There are many cardiovascular disease risk factors, such as high blood pressure and high cholesterol, associated with low nitric oxide levels.
Nitric oxide has many bodily functions, include vasodilation of blood vessels to govern blood pressure.
It was previously believed nitric oxide was only produced via oxidation of L-arginine, an amino acid, in the presence of oxygen. Due to new research findings, we now know of a second pathway for increasing nitric oxide levels. This second pathway is the conversion of nitrates to nitrite to nitric oxide.
Vegetables are a source of nitrates
Approximately 85% of dietary nitrate comes from vegetables. When you consume dietary nitrates, they are absorbed in the stomach and small intestine. Of the ingested nitrates, about 25% is extracted by the salivary glands and concentrated in saliva. It is an enzyme on the surface of the tongue that converts nitrate to nitrite. When the nitrite in saliva is then swallowed it is converted to nitric oxide by the acidic environment of the stomach.
Simply put, nitrate in food becomes nitrite in saliva which then converts to nitric oxide in the stomach.
Nitric oxide obtained from dietary nitrate sources, such as vegetables, provides an alternate treatment plan for increasing protective nitric oxide levels.
Beetroot juice lowered systolic blood pressure 10.4 mm Hg and diastolic blood pressure 9 mm Hg 2.5 – 3 hours after ingestion.
Researchers studied the effects of 0.5 L of beetroot juice on blood pressure. They found both systolic and diastolic blood pressure to reduce when plasma nitrite hit peak levels about 3 hours after beetroot juice consumption.
Beetroot juice is not only a rich source of nitrates, it also provides betaine, antioxidants, and polyphenols. For this reason, it’s not conclusive whether or not the blood pressure reduction is due to nitrate content alone. Betaine, antioxidants, and polyphenols also play a role in cardiovascular health.
Effects eliminated if you spit out saliva after ingesting.
Your saliva plays a key role in nitric oxide production. If you spit saliva after consuming beetroot juice, you prevent nitrite-rich saliva from reaching the stomach. This means no reduction in blood pressure levels was seen in subjects who spit out saliva after consuming the beetroot juice.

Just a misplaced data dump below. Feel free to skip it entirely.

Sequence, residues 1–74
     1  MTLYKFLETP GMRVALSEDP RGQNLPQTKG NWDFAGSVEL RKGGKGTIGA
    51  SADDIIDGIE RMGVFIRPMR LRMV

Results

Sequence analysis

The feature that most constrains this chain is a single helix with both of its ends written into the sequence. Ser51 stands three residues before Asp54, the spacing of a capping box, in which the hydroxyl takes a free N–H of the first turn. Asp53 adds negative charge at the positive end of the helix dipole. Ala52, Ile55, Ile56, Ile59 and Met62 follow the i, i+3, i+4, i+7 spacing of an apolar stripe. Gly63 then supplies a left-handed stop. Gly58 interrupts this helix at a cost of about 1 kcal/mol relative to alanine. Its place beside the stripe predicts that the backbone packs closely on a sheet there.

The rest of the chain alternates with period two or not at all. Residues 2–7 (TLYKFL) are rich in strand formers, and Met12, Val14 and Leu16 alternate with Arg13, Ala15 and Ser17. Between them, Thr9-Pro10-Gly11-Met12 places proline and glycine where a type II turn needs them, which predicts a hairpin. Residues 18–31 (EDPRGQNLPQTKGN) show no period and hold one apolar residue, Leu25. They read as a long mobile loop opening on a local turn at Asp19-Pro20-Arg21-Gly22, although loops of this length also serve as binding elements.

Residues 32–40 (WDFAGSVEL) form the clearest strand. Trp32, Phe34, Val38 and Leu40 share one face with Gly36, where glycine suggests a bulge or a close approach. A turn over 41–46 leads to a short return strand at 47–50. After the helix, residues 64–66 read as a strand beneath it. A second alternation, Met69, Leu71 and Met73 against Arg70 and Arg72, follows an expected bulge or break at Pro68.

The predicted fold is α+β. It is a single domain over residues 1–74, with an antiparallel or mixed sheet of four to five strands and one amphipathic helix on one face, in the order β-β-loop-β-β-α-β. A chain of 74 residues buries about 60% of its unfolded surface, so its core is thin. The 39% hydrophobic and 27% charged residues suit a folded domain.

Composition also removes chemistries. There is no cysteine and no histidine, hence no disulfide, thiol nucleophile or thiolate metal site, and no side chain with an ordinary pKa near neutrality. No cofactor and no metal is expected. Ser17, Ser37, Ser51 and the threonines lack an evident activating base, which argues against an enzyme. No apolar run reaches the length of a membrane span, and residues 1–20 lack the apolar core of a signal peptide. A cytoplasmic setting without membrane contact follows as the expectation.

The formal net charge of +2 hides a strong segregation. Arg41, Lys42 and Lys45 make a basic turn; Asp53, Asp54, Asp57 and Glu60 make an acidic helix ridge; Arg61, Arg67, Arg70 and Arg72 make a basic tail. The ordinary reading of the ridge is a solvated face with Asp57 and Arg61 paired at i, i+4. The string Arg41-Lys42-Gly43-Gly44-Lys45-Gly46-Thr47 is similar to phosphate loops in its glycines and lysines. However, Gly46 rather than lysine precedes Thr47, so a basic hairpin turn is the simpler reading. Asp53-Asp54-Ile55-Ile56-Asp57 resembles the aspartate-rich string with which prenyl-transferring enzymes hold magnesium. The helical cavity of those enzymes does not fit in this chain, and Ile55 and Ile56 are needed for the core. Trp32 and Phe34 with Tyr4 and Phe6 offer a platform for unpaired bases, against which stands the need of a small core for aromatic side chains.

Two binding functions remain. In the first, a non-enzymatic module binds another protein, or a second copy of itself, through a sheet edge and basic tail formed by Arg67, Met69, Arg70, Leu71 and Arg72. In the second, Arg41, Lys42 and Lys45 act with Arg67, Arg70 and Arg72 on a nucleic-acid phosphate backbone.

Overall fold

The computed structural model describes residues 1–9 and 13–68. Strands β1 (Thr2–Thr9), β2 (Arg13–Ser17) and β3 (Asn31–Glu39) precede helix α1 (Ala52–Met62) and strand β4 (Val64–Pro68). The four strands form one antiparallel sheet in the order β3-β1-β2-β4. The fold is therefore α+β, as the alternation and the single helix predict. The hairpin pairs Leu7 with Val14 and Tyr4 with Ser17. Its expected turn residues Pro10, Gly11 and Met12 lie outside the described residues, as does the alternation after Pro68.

Nitrate levels in vegetables
Nitrate levels vary greatly in vegetables and are dependent on many factors, such as humidity, temperature, sunlight exposure, herbicides, fertilizers, and water. To deliver consistent levels of nitrates to study participants, researchers used “Beet It” organic beetroot juice. “Beet It” delivers 5.5 mmol of nitrate per half liter.
If you spit saliva after consuming beetroot juice, you prevent nitrite-rich saliva from reaching the stomach. This means no reduction in blood pressure levels. This was seen in subjects who spit out saliva after consuming the beetroot juice.
The DASH diet to lower blood pressure provides approximately 20 mmol of nitrates per day. For comparison, this is similar to the nitrate level supplemented via beetroot juice in recent research.
Don’t drink out of the bottle
If you decide to use nitrate-containing vegetable juice as a method to lower blood pressure, you need to avoid letting the bacteria that convert nitrates to nitrates contaminate the juice. High levels of nitrite may accumulate which can potentially be harmful. In other words, don’t let your saliva get into your main juice bottle. Use a glass.
This isn’t a place where I encourage you to use nitrate supplements. Stick with what we know is safe and does not have potential negative consequences…dietary nitrate from vegetables or vegetable juices.
If you have cardiovascular disease or cardiovascular risk factors, discuss with your doctor before starting a high-nitrate diet. You also want to be aware of any medications that might adversely interact with diet changes.
Vegetable sources of nitrate
Beetroot juice is a quick and easy option, but doesn’t necessarily taste good to everyone. Leafy green vegetables, Chinese cabbage, endive, fennel, kohlrabi, leek, celery, cress, chervil, lettuce, spinach, and arugula are additional options.
1 cup raw spinach = 90 mg of nitrate
½ cup cooked collard greens = 200 mg of nitrate
1 cup raw leaf lettuce = 100 mg of nitrate
½ cup vegetable juice = ~40 mg of nitrate
Research suggests you need between 300 to 500 mg of nitrate to lower blood pressure.
You may access the free e-course 7 Natural Ways to Lower Blood Pressure at http://lowerbloodpressurewithlisa.com.